the sacrifice

Wednesday, 15 October 2014

Did you know that reading a physical, hard copy of a book improves your memory skills? It's true. According to this study, anyway. There are a whole host of benefits that you can get from picking up an actual, physical copy of a book, including reduced stress and improved sleep patterns, as well as helping to remember what you've read. Holding a book in your hands and turning pages helps create a kind of tactile experience, a physical sense of progress, which will help your brain to more easily recall what you have read.

There is something ... more about the physical. Do you know what I mean? I find this to be true of memories. Sometimes, a physical presence - a smell, a touch, a taste - will bring back a memory so strong that I can't believe it was previously hidden.

Today, I took Jellybean out to the shops to pick up a few things for dinner. Not normally a problem (I walk everywhere) but today it was both pouring down with rain and pretty windy. I cheerfully told Jellybean that it wasn't a problem, that I have a raincoat, that she has a raincover for her buggy that turns it into a cosy, warm little pod, that we can handle a bit of rain.

Trudging through a muddy puddle in the park on the way, unable to keep the rain out of my eyes, getting the wheels of the buggy stuck in a hole in the ground, I muttered through gritted teeth 'I can handle a bit of rain.'

And suddenly I had a sense memory of walking with my Mum. Everything seeming big and looming on a dark grey day. Trees being whipped around by the wind and leaves falling around me. The wind and rain battering us as we went, gripping onto her hand tight, thinking just a bit further and I'll be at home. Just a bit further.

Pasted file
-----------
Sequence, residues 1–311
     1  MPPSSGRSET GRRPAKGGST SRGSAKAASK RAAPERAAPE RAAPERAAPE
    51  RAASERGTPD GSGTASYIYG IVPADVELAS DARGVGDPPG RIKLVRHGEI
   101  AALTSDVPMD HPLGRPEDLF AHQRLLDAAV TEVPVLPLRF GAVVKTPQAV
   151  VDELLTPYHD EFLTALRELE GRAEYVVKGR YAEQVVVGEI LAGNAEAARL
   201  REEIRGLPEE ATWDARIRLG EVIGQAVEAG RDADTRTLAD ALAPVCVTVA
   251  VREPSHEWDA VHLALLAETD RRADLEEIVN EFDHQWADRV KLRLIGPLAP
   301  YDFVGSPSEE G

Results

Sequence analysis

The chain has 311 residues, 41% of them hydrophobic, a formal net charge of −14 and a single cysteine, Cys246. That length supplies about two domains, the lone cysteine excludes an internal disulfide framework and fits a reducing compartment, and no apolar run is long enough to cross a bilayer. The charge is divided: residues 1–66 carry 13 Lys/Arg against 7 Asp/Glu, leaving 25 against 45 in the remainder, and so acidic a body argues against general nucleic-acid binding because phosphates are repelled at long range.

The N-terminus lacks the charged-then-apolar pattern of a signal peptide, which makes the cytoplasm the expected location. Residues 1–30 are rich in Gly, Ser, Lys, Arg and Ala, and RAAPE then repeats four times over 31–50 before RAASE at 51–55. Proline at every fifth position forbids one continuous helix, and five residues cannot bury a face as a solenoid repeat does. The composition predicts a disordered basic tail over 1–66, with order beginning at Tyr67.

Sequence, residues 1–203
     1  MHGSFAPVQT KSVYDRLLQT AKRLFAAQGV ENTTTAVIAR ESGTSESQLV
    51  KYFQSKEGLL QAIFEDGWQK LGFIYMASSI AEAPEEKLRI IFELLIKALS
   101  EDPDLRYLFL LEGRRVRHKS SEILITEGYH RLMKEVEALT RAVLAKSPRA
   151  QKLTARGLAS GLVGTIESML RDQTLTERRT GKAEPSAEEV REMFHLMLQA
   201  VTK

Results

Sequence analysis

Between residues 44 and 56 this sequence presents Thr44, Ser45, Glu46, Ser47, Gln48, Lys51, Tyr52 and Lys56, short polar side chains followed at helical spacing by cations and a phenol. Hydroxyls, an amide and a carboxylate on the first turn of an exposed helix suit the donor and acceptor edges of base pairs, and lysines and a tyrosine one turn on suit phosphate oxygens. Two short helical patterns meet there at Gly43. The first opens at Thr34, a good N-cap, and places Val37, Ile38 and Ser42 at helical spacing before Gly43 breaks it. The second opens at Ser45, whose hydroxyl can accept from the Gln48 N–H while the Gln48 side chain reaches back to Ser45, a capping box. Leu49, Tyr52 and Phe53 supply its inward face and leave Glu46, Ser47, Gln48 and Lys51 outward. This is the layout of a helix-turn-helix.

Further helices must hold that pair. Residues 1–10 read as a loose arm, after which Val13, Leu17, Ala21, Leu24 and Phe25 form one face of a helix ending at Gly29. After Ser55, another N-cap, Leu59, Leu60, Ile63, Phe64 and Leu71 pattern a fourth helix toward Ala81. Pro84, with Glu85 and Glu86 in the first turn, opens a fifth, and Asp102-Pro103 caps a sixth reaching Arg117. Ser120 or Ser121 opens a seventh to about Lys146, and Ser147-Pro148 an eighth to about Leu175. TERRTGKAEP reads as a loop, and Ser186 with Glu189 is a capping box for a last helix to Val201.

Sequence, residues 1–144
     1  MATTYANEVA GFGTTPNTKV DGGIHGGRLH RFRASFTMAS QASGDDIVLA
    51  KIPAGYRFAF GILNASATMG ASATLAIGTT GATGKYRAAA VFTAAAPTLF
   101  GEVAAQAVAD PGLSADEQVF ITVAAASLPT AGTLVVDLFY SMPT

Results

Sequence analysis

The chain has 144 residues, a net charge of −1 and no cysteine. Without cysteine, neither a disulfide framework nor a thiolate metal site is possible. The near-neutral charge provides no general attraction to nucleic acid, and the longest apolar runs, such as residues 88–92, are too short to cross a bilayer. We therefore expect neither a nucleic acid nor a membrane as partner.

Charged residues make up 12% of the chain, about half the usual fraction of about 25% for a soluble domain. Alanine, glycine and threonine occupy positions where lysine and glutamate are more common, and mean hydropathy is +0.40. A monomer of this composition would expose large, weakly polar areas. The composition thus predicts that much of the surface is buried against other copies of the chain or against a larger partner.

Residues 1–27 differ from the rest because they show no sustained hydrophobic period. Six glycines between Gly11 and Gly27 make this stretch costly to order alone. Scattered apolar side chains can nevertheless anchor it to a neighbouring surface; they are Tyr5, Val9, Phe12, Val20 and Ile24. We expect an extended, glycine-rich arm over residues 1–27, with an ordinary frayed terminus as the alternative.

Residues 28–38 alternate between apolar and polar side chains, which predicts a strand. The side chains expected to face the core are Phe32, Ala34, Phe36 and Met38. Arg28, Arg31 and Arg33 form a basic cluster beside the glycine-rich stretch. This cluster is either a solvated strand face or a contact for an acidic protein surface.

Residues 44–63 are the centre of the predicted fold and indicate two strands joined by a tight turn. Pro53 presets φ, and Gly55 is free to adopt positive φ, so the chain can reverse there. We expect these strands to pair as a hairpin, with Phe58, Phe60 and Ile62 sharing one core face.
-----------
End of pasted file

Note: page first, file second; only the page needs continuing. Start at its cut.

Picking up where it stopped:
It's funny, isn't it? Some small thing - rain in your eyes, wet hands gripping the handle of a pushchair, the howl of wind in your ears - will trigger off a little memory you never knew you had. And I think the same thing again. Only this time from a mother's perspective. Just a bit further and I can get her tucked into her bed. Just a bit further.


It is Sunday, and we are about to take communion. We have just shouted in the church as one. Yes - shouted. Not one specific thing, just whatever came to mind. No quiet mumbling of hymns for us. We all send up a collective roar to heaven. It rings in my ears, still, as I wait in my chair with a little cube of seeded bread clutched tight in my hand. Waiting for everybody to take a piece. On the pastor's word, we eat it as one.

Then the cups are passed around. Fruit juice. I stare at my little silver cup as I wait for everybody to take one. Vivid scarlet liquid trembling in the cup. I stare and stare. Suddenly noticing, for the first time, how very red it is. How much it actually resembles blood. I have a strong picture in my head. Not a memory, like before. But something triggered by the physical presence of that cup. The image of a man with ragged holes in his hands. The pastor speaks of love and sacrifice. Of love like no other. I look to our baby, sleeping on her grandmother. I look at my husband. Would I die for them? The most painful death? If it meant saving them? Yes, of course. Yes. I wonder if God gives us love so we can have a brief glimpse of His love, like a portion of it. Here is a taster. The people that love you most in the world? I love you even more. You know that love you feel for them? That love that burns so fierce in you that you can almost feel it in your bones, in your chest?

I love you even more.

Even more.

Even to pain, torture, death.

I love you even more.

The pastor tells us to drink and I drink it up, and I suddenly marvel at it, this strange and sad and yet jubilantly wonderful love, love like no other, like nothing else. All the pain and joy and wonder of it. And I look at my shining silver cup, empty, and suddenly I am empty of worry and all the things catalogued in my head, the things that keep me awake at night: bills and comparison and career and future and houses and ambitions, the things that tie me up in knots. It all comes undone. I just look at my empty cup.